Add a new note
If you are trying to select text to create highlights or citations, remember that you must now click or tap on the first word, and then click or tap on the last word.
One moment ...
Project items

Items saved from this article

This article has been saved
Highlights (0)
Some of your highlights are legacy items.

Highlights saved before July 30, 2012 will not be displayed on their respective source pages.

You can easily re-create the highlights by opening the book page or article, selecting the text, and clicking “Highlight.”

Citations (0)
Some of your citations are legacy items.

Any citation created before July 30, 2012 will labeled as a “Cited page.” New citations will be saved as cited passages, pages or articles.

We also added the ability to view new citations from your projects or the book or article where you created them.

Notes (0)
Bookmarks (0)

You have no saved items from this article

Project items include:
  • Saved book/article
  • Highlights
  • Quotes/citations
  • Notes
  • Bookmarks
Notes
Cite this article

Cited article

Style
Citations are available only to our active members.
Sign up now to cite pages or passages in MLA, APA and Chicago citation styles.

(Einhorn, 1992, p. 25)

(Einhorn 25)

1

1. Lois J. Einhorn, Abraham Lincoln, the Orator: Penetrating the Lincoln Legend (Westport, CT: Greenwood Press, 1992), 25, http://www.questia.com/read/27419298.

Cited article

On the Assumption That We Needed to Fix Them
Settings

Settings

Typeface
Text size Smaller Larger
Search within

Search within this article

Look up

Look up a word

  • Dictionary
  • Thesaurus
Please submit a word or phrase above.
Print this page

Print this page

Why can't I print more than one page at a time?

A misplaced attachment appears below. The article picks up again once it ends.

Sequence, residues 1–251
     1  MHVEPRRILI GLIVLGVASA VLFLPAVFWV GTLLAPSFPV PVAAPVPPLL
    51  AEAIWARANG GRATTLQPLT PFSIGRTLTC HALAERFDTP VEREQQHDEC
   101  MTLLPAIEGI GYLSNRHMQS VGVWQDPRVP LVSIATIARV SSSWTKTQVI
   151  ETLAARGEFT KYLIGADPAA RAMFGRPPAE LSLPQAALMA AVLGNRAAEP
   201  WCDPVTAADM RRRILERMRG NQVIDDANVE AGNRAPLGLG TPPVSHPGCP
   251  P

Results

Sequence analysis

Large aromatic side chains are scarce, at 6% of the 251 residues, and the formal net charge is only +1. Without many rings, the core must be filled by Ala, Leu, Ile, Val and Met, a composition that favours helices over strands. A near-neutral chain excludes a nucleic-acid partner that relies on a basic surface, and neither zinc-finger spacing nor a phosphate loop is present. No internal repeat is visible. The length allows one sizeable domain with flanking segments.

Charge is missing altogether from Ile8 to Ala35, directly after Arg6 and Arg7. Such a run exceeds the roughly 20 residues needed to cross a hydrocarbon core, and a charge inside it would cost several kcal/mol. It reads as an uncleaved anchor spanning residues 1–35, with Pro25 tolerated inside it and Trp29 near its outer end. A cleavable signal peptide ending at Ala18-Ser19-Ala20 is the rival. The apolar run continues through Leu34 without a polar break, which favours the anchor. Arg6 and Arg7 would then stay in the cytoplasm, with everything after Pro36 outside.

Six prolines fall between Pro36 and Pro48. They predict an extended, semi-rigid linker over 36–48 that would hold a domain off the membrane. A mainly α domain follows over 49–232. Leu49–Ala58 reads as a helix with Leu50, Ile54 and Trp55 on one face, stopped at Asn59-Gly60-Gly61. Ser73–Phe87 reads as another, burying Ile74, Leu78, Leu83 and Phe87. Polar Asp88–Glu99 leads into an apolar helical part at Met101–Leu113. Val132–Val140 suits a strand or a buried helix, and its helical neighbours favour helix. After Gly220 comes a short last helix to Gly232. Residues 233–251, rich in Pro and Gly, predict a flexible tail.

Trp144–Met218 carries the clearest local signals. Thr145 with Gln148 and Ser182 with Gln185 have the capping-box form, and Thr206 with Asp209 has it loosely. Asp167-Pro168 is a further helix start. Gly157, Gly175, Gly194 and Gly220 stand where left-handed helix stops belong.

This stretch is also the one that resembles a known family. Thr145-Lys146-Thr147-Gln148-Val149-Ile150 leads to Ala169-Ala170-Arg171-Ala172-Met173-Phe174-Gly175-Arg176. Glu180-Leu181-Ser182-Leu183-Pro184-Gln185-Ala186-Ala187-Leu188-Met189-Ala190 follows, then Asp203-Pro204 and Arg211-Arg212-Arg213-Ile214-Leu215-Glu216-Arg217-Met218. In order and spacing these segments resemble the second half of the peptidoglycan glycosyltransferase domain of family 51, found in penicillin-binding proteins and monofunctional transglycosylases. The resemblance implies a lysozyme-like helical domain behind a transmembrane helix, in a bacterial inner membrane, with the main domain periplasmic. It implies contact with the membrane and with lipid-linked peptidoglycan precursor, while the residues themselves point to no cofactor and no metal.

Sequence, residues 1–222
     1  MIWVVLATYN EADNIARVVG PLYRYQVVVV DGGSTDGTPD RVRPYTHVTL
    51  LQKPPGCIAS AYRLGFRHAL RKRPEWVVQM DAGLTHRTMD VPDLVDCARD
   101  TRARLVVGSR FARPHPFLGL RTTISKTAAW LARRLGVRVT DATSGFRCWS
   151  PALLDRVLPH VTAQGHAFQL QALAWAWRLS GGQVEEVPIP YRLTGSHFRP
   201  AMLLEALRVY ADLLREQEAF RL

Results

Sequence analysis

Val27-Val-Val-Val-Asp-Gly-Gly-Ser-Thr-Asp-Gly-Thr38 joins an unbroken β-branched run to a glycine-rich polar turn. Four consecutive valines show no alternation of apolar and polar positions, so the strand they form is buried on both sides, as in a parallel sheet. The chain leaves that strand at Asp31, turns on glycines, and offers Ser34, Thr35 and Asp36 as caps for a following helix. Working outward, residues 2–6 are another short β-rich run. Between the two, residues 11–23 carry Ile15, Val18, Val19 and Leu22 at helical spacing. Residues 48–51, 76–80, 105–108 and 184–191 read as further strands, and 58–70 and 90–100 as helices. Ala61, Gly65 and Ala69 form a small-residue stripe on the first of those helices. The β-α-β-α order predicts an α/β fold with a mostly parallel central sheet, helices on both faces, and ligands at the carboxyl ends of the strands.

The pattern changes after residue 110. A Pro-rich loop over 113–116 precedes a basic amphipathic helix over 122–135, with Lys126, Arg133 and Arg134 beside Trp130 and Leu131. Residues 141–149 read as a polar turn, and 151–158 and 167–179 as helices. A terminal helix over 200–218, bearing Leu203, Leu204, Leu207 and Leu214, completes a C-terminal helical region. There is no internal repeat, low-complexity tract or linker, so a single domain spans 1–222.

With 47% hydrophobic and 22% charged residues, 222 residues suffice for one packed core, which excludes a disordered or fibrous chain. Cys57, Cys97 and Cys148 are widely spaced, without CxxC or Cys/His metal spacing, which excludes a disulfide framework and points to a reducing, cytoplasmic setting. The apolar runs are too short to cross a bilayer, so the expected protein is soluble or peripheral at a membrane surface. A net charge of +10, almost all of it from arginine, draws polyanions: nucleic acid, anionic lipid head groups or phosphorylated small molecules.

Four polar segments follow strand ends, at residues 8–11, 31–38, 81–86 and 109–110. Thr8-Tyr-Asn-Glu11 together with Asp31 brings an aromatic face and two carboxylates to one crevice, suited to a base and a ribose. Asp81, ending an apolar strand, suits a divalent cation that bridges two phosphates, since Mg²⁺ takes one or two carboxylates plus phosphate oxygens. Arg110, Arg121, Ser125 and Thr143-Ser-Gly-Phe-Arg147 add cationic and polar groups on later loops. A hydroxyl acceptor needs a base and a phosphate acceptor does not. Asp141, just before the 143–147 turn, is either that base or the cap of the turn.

Full screen

matching results for page

Cited passage

Style
Citations are available only to our active members.
Sign up now to cite pages or passages in MLA, APA and Chicago citation styles.

"Portraying himself as an honest, ordinary person helped Lincoln identify with his audiences." (Einhorn, 1992, p. 25).

"Portraying himself as an honest, ordinary person helped Lincoln identify with his audiences." (Einhorn 25)

"Portraying himself as an honest, ordinary person helped Lincoln identify with his audiences."1

1. Lois J. Einhorn, Abraham Lincoln, the Orator: Penetrating the Lincoln Legend (Westport, CT: Greenwood Press, 1992), 25, http://www.questia.com/read/27419298.

Cited passage

Welcome to the new Questia Reader

The Questia Reader has been updated to provide you with an even better online reading experience.  It is now 100% Responsive, which means you can read our books and articles on any sized device you wish.  All of your favorite tools like notes, highlights, and citations are still here, but the way you select text has been updated to be easier to use, especially on touchscreen devices.  Here's how:

1. Click or tap the first word you want to select.
2. Click or tap the last word you want to select.

OK, got it!

Thanks for trying Questia!

Please continue trying out our research tools, but please note, full functionality is available only to our active members.

Your work will be lost once you leave this Web page.

For full access in an ad-free environment, sign up now for a FREE, 1-day trial.

Already a member? Log in now.